Wednesday, December 26, 2007

Low Dose Naltrexone

FDA-approved naltrexone, used to block opioids in the brain. Used in a low dose, can also boost the immune system.

Naltrexone itself was approved by the FDA in 1984 in a 50mg dose for the purpose of helping heroin or opium addicts, by blocking the effect of such drugs. By blocking opioid receptors, naltrexone also blocks the reception of the opioid hormones that our brain and adrenal glands produce: beta-endorphin and metenkephalin. Many body tissues have receptors for these endorphins and enkephalins, including virtually every cell of the body's immune system.

It is one medication that according to Dr. William Shaw Ph.D should be added to the anti-yeast and free of casein and gluten diet and Nystatin protocol for children with autism. Naltrexone blocks opioids in the brain. The opioids from milk and wheat may slow the brain down.

At low doses, naltrexone may help clear the brain of opioids which have already gotten into the brain. In the past studies of this protocol have been done using doses that were to high and therefore showed that sometimes naltrexone has the opposite effect of what is intended. The doses used were 25 to 50 milligrams per day, which can cause pain. These studies failed to include the combination of the elimination of dairy and wheat products.

In autistic children where immune deficiencies are present, naltrexone can boost the immune system and given in low doses.

Reicheit KI et al. Gluten, milk proteins and autism: Results of dietary intervention on behavior and urinary peptide secretion. J. Applied Nutrition 42: 1-11, 1990.

Bovard, et al. Low-dose naltrexone effects on plasma chemistries and clinical symptoms in autism: a double-blind-placebo controlled study Psychiatry
Research 58: 191-20, 1995

Roy S, Loh HH. Effects of opioids on the immune system. Neurochem Res 1996;21:1375-1386


ANB said...

Ashley, you REALLY don't want lay people prescribing quack remedies on your blog. Zurama is not a medical doctor, and the drug she recommends is not approved for the treatment of autism. It's bad enough when your viewers level unsubstantiated allegations - let's not add "playing doctor" to their list of transgressions.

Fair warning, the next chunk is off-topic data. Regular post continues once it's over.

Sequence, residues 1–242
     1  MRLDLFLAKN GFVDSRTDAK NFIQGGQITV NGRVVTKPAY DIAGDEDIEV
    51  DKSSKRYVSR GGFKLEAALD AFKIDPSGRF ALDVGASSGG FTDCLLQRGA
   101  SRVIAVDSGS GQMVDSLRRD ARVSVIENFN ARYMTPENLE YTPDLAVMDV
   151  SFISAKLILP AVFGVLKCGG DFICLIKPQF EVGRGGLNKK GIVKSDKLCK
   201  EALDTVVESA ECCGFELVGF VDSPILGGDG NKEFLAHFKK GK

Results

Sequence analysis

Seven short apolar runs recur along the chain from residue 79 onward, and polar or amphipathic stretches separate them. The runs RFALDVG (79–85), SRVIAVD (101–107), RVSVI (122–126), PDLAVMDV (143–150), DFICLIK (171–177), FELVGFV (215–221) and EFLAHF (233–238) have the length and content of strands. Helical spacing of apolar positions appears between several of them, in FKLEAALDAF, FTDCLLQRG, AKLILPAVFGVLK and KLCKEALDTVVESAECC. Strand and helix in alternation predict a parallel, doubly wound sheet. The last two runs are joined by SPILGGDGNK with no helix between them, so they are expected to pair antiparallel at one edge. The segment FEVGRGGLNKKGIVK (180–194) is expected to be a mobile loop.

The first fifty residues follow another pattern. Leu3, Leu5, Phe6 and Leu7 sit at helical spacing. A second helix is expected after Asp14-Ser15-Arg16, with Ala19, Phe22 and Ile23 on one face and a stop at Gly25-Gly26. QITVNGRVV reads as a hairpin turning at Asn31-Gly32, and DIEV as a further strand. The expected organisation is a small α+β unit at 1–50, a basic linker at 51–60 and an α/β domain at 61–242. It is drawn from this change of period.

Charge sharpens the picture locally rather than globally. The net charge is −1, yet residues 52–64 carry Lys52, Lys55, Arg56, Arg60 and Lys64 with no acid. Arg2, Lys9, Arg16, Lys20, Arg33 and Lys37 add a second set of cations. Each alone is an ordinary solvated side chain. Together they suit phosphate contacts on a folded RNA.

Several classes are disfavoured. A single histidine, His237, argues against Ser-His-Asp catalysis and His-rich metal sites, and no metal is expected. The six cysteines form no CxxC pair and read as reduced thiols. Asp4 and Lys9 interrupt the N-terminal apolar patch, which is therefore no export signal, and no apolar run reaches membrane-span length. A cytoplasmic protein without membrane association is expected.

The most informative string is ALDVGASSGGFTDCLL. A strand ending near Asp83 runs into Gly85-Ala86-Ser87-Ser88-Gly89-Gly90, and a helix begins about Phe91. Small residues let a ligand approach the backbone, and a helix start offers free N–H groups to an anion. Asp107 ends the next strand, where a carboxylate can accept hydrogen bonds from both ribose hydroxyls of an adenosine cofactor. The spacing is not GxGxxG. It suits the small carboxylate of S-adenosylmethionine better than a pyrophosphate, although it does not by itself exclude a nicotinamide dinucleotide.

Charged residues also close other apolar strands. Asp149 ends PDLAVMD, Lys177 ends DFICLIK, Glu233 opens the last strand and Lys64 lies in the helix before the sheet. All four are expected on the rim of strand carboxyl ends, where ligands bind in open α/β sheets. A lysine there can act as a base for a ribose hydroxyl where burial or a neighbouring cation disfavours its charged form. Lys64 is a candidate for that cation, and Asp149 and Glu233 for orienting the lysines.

Dr. Fogarty said...

These childredn can be helpoed greatly by out of the box artful clinical practice, if there is anyone seeking to improve the function of their autistic child seek the medical opinion of a Defeat Autism Now! physician. Also read Bryan Jepson, MD's book "Changing the Course of Autism" thats this big picture. Medicine has already demonstrated its errors of approach on this, its not bad mothering after all.


ANB said...

That's one vote for lay people playing doctor, and one against. Do we have a tie breaker?

Fogarty said...

Missing the big picture again Autism News Beat.

ANB said...

No, just sticking to the script.

Anonymous said...

Why does every discarded treatment that was first used in attempting to treat CFS show up, sometimes a decade later as in this case, as some kind of alleged remedy for those on the spectrum.

Zurama L. Johnston said...

My article was just intended to share information and not intended to give medical advice.

There is no one remedy for kids with autism. What works for some, won't work for others. The article was referring to those who respond to the gf/cf diet and those with immunodeficiencies.

ANB said...

My comment was just intended to share information and not intended to give medical advice.

Autism is a developmental disorder. These kids continue to develop and grow and learn. You could "treat" them with tap water, and given enough time, and lack of a control group, a parent will see improvement.

So how could you know a purported treatment is working? Show a little skepticism, people.

eforelmo said...

Clearly self diagnosis and self prescriptions carry real hazards. However you will probably be hard pressed to find a doctor that will bring it up as a possible treatment because there have been no clinical studies. This drug has already gone to generic form and there is no billion dollar pharmaceutical company willing to pay for an expensive clinical study and market the drug. I came across this page because I was googling this drug as a possible treatment for my wife’s MS. The drug has been prescribed off label for MS since 1984 but my wife’s neurologists didn’t bring it up as a possible treatment because of the lack of clinical studies. Zaurama makes a compelling hypothesis and it is probably worth studying. Just because a drug company hasn’t paid for a clinical study doesn’t mean that it won’t be beneficial. I am not a doctor but this drug has few side effects and it might be useful to discuss an off label prescription with your doctor. That said, while this drug has shown to be helpful to a number of conditions, it is important not to jump to conclusions without solid science backing it up.

ANB said...

" is important not to jump to conclusions without solid science backing it up.

Excellent point, IMO.

FOGARTY said...

As a physician I see time and time again where great opportunities for helping people in medicine get left behind for capital needs of research. You have made some valid observations eforlmo.